Quick Tip for an Easier Divorce Process: Divide and Conquer

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I am working with a woman whose divorce seems to keep getting crazier instead of calmer.  When the process began, they had two small children, a mountain of debt, and no jobs.

Now, the kids are a bit older; the parents both have good jobs, and they have been paying down their debt.  Things should be getting better for them.

But, the Husband keeps changing what he wants in a parenting plan; neither of them has presented a complete financial affidavit, so they are still fighting about money; and now the Husband has hired a bankruptcy attorney into the mix!  What is going on?? 

First of all, the Wife has stopped hiding her boyfriend.  That almost always makes matters worse.  Spouses who feel cheated-upon tend to be angry.  No matter how long the parties have been in complete breakdown; no matter how many prior affairs have gone on by either party.  If you are seeing someone else – THAT PERSON becomes the reason for all of our problems.  I have seen it happen time and time again.

Here’s what I suggest:  Divide and Conquer.  Like a General on an Army field – view your divorce as a series of small skirmishes to be negotiated and completed; not just one overwhelming pile of potential litigation.  I suggested that they make a few different appointments, and have each appointment’s goal be an individual written and signed agreement.

They should have one meeting with the bankruptcy attorney and decide what is the most advantageous way to handle a bankruptcy for all concerned.  Should the Husband file after the divorce? How will that impact the Wife? Should they both file before the divorce?  With an expert in the room, they can look at the big picture and choose a strategy to result in the best possible outcome for the adults and their children.  They can put the plan in writing and sign it between the two of them.  Just the bankruptcy. Nothing else at that moment.

Separately, I recommend that they meet with their financial planner. They should bring all of their banking statements and bills and other financial paperwork, and sit together the three of them and get two accurate financial affidavits. No lingering questions, no confusion.

I recommend an additional meeting with a neutral third party – or just the two of them – in which the only agenda item is their parenting plan. They can address questions about the best interests of the children; the children’s needs and desires, and the children’s schedules without having to mention anything about debts, money, or blame.  Once they agree on a fair and healthy parenting plan, they should write it up and sign it.  It is not relevant to any of the other issues and should not be muddles together with them.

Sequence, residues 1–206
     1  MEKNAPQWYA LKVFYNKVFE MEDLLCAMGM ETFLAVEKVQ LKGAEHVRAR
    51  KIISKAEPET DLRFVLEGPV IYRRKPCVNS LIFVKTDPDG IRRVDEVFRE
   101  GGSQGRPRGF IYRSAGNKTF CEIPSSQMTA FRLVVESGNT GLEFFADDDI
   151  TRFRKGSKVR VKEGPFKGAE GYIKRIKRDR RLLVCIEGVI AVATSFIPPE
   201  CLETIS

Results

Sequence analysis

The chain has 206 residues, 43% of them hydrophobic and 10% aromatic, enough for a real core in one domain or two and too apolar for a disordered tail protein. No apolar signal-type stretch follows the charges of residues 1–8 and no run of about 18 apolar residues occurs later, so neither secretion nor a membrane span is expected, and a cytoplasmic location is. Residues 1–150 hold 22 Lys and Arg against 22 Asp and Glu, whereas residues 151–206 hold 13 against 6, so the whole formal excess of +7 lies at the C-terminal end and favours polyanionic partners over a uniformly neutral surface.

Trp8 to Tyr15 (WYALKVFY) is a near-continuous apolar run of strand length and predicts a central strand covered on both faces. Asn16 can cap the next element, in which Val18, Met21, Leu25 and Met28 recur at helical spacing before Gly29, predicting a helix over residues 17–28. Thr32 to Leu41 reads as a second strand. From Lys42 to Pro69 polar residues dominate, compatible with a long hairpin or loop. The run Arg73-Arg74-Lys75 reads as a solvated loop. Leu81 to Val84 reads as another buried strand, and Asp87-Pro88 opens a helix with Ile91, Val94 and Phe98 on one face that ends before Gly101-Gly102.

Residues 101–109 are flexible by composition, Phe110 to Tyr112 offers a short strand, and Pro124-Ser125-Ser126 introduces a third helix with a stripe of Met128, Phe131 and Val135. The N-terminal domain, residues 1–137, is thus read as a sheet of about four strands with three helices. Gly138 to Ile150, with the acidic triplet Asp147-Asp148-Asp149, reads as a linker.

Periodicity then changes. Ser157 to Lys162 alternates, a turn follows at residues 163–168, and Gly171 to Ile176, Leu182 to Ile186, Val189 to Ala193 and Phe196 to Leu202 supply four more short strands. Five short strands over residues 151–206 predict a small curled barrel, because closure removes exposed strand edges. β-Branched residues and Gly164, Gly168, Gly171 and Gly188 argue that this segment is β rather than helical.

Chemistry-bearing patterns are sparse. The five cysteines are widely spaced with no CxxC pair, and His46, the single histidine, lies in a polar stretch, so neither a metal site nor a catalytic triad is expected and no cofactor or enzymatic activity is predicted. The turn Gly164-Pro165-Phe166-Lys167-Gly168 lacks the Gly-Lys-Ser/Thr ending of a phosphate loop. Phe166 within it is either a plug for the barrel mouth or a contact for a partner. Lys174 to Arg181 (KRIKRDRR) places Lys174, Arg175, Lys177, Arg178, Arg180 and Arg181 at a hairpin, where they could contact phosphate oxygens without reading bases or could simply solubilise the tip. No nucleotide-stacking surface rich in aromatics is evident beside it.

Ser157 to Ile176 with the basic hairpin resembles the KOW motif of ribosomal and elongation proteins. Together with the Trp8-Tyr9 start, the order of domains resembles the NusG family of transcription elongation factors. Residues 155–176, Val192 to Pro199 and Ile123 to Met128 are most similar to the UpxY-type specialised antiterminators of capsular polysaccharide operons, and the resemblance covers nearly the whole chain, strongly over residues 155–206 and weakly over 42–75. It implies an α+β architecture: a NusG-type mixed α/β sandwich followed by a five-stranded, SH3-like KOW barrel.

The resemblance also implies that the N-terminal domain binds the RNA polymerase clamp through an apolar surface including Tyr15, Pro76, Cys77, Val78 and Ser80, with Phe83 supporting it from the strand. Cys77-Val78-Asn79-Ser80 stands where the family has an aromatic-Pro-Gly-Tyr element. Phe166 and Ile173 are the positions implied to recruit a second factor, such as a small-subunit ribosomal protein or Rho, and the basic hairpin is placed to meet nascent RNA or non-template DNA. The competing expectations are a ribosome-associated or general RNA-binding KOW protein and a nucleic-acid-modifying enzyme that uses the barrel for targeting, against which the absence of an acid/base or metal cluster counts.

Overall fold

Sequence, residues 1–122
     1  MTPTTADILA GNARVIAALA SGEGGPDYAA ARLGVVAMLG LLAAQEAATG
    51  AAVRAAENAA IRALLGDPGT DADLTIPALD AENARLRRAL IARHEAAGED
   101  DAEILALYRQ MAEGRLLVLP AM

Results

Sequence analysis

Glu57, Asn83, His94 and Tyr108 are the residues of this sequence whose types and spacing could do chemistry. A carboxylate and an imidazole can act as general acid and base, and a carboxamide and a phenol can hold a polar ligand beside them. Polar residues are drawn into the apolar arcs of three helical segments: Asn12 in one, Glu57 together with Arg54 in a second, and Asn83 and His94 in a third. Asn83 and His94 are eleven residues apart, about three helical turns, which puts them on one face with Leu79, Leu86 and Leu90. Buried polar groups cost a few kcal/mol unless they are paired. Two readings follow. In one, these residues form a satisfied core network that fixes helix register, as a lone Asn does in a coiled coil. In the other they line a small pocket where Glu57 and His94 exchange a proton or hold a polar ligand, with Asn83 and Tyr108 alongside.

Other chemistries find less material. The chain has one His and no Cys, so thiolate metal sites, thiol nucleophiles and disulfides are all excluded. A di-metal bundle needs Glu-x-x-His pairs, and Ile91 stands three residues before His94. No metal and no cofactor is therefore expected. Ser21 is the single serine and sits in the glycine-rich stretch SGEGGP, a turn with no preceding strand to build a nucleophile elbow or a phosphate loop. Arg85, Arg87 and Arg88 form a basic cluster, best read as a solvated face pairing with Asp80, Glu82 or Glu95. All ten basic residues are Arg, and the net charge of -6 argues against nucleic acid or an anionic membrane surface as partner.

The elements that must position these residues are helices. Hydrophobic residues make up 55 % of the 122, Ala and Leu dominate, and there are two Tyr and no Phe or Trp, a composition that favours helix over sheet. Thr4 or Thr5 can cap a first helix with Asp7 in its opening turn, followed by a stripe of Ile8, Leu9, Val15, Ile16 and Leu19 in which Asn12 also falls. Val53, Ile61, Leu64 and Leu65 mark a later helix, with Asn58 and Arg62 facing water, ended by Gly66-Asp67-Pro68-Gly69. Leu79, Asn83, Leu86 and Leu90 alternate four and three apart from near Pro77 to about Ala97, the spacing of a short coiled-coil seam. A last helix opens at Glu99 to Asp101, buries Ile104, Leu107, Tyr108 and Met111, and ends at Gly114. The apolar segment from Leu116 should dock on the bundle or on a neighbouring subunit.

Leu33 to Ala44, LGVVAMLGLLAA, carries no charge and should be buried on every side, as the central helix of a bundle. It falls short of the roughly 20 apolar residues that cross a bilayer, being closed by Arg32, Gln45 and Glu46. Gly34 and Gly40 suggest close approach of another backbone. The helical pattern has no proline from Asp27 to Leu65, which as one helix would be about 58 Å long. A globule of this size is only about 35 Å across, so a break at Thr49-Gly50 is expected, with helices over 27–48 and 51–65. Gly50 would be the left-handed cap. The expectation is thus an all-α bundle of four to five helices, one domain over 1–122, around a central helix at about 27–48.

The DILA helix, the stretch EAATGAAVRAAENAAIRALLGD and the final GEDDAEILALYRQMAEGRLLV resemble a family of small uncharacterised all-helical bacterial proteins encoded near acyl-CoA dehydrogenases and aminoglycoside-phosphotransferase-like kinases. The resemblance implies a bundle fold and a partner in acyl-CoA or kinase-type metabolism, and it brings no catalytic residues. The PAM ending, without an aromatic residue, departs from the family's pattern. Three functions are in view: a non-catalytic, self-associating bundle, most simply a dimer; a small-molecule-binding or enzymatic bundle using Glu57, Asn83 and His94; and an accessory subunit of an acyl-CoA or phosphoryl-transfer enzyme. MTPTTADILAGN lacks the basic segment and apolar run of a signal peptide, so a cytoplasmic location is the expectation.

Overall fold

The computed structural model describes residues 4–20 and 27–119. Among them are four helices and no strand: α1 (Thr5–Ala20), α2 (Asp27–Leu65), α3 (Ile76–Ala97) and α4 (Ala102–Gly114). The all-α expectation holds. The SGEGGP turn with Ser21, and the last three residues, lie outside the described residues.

But- my strongest recommendation for a way to divide the problems from each other and solve for them in as calm a manner as possible, is to begin with a dating stipulation, also called a “Stipulation of Irretrievable Breakdown.”  In English, this is what it would say: 

“Our marriage is over. We are incapable of, or uninterested in, fixing it. We both need to move on with our lives. You can date and I can date and neither one of us will use that as a reason to fight.  We understand that our dates are not the reason our marriage is ending.”

Signing a dating stipulation might take hours and days and weeks of crying, blaming, yelling, screaming.  But if that is what you need in order to get past the awful truth, then it is better to do so without bringing collateral damage to your parenting plan and finances. 

Once it has been acknowledged, accepted, and signed, the other pieces will probably come together much more easily. The anger about dating/fidelity/commitment will no longer have to hide behind questions about who gets the kids on Thursday nights; or how much money is in the joint account.

What We Love:  Find the parts of the divorce that you can own and conquer.  Get each small skirmish out of the way as quickly and cleanly as possible, so they don’t muddle the rest of the issues.

 

 

 

 

 

 

 

 

Published by Sharon Oberst DeFala

Sharon Oberst DeFala has practiced low-impact safe divorce since 1992.

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